We went to the river today

We went to the river today.

Not to fish.

To escape from the uncomfortable heat that has held the mid-Atlantic in its sweaty grip for the past few days.

Sure, we could have opted for the neighborhood pool.

But the pool doesn’t have riffles.

And rocks.

And minnows.

And crayfish.

And it also seemed appropriate to go to the river on a day when some of us were celebrating a win, if only a temporary one, in the fight to ensure that rivers like this one have a decent chance of staying functionally clean and usable.

So the kids, their friends, our dog and I piled into the truck for the quick drive.

This spot at a public park is just a mile from our city neighborhood. One that, if you took away the modern cars, looks pretty much like it did in the 1920s.

The river, fortunately, doesn’t look like it did back then. Or smell like it did.

Back then, actually until just a few decades ago, we treated our rivers like dumps.

They got our trash. Our sewer. Our chemical waste.

Throw it in and let the water carry it away. Maybe.

Things still aren’t perfect.

Signs along the stream carry warnings that waders should be aware of glass, metal and other hazards on the river bottom.

Consumption advisories warn against eating too many meals of the river’s fish.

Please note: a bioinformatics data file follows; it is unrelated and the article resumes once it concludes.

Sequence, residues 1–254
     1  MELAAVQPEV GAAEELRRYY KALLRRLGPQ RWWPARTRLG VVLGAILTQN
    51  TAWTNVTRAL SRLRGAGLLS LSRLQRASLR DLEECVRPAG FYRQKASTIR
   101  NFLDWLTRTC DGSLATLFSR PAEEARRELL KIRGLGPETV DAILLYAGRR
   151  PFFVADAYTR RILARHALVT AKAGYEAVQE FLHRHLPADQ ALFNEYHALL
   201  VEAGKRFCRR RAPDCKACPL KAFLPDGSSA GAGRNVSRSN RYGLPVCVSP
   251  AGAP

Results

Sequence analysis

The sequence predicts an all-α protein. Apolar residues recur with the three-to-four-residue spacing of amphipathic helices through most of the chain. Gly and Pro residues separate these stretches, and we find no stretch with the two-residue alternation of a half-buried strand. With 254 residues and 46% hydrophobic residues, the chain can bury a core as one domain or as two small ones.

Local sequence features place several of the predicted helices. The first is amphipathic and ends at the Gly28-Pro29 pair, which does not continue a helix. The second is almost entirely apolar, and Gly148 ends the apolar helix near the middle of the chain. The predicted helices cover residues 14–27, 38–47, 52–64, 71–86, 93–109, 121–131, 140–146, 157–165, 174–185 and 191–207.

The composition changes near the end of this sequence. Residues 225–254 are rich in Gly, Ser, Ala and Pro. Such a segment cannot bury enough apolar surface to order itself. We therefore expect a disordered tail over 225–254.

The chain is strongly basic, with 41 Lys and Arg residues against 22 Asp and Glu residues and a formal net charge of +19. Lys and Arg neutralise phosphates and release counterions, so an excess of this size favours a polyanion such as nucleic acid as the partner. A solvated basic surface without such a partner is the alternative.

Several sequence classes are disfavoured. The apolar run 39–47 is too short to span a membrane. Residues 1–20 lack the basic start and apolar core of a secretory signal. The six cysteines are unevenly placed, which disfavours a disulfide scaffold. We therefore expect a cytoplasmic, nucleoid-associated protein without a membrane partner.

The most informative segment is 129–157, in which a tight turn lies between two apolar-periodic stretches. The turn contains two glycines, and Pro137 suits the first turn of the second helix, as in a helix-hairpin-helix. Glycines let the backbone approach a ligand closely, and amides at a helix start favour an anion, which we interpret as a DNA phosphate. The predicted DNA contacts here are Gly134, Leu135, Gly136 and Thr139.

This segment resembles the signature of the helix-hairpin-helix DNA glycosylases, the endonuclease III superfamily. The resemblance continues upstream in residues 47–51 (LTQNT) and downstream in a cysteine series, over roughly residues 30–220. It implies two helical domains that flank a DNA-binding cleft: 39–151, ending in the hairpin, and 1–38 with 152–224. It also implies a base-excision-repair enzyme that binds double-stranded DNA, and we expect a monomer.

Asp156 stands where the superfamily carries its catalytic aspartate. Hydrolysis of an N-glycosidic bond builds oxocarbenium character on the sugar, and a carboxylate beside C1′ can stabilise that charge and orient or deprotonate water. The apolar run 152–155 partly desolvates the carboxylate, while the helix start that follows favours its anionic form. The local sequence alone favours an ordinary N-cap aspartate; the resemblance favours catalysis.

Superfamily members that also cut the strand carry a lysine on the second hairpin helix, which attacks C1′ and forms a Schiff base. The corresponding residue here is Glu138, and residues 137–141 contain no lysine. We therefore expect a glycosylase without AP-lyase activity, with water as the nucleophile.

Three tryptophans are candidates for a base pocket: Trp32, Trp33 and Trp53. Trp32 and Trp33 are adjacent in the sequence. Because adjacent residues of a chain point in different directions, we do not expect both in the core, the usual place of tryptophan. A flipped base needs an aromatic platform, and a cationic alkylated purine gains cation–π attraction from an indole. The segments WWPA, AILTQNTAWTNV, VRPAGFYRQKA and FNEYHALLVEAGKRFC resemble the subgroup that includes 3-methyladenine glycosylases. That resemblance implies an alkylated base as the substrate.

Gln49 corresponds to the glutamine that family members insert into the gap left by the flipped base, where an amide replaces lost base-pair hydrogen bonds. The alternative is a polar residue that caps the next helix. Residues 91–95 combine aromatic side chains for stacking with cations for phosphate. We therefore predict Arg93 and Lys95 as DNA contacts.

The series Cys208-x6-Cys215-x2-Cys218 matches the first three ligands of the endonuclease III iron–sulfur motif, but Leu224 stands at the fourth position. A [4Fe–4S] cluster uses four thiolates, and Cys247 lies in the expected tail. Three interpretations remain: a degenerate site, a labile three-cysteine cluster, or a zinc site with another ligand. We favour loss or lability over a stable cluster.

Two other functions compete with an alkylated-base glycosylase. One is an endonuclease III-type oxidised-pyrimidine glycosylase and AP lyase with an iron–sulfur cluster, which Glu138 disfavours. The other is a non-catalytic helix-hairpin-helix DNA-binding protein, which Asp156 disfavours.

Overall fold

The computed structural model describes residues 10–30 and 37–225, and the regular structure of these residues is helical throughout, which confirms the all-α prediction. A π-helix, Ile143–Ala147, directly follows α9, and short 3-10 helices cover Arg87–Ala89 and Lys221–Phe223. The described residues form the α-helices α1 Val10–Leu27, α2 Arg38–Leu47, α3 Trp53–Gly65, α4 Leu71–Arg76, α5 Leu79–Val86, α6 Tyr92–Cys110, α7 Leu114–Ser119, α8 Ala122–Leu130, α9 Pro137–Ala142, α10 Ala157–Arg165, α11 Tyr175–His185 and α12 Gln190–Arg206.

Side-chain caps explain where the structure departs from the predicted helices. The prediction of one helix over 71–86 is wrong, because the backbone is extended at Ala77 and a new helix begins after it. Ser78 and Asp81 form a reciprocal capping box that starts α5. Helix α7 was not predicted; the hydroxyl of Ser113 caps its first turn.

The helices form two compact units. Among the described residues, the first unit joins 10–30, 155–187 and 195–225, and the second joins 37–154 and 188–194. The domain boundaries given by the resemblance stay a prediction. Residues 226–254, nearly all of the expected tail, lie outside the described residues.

River users, whether due to ignorance or ambivalence, still leave trash behind.

But things are a lot better.

So much better that I happily watched as the kids eagerly waded in, their feet protected pretty well by their well-worn Keen sandals.

They turned over rocks, looking for crayfish and nymphs. They tried to catch minnows in their hands.

The dog jumped around in the shallows, then swam across the river when she spotted a groundhog on the far bank.

The girls and their friends laughed and splashed, while 50 yards downstream another group of kids played in the river.

Plenty of credit for the improvement in our nation’s waters goes to the Clean Water Act, which since 1972 has provided a sensible guide for how to treat our nation’s waters.

Like any such road map, tweaks are sometimes necessary.

The EPA and the Army Corps of Engineers are currently engaged in a formal rulemaking process to better define which waters are covered, and which are not, under the Act.

The proposal would afford protection to some intermittent streams, which may not run year-round but which are the literal building blocks of rivers.

That makes sense, doesn’t it?

Much of the water the kids were splashing in gets its start in such ephemeral flows.

Yet, in recent days some Senators seemed intent on torpedoing the process for political purposes.

Quick, decisive, fact-based reaction from sportsmen’s groups, Trout Unlimited among them, and their constituents helped quell the threat, at least for the time being.

So for now I can watch the kids play with some optimism, wishing some of those politicians could be there with me, knee deep in the cool Roanoke River watching the kids play, which might help them better understand just what’s at stake.









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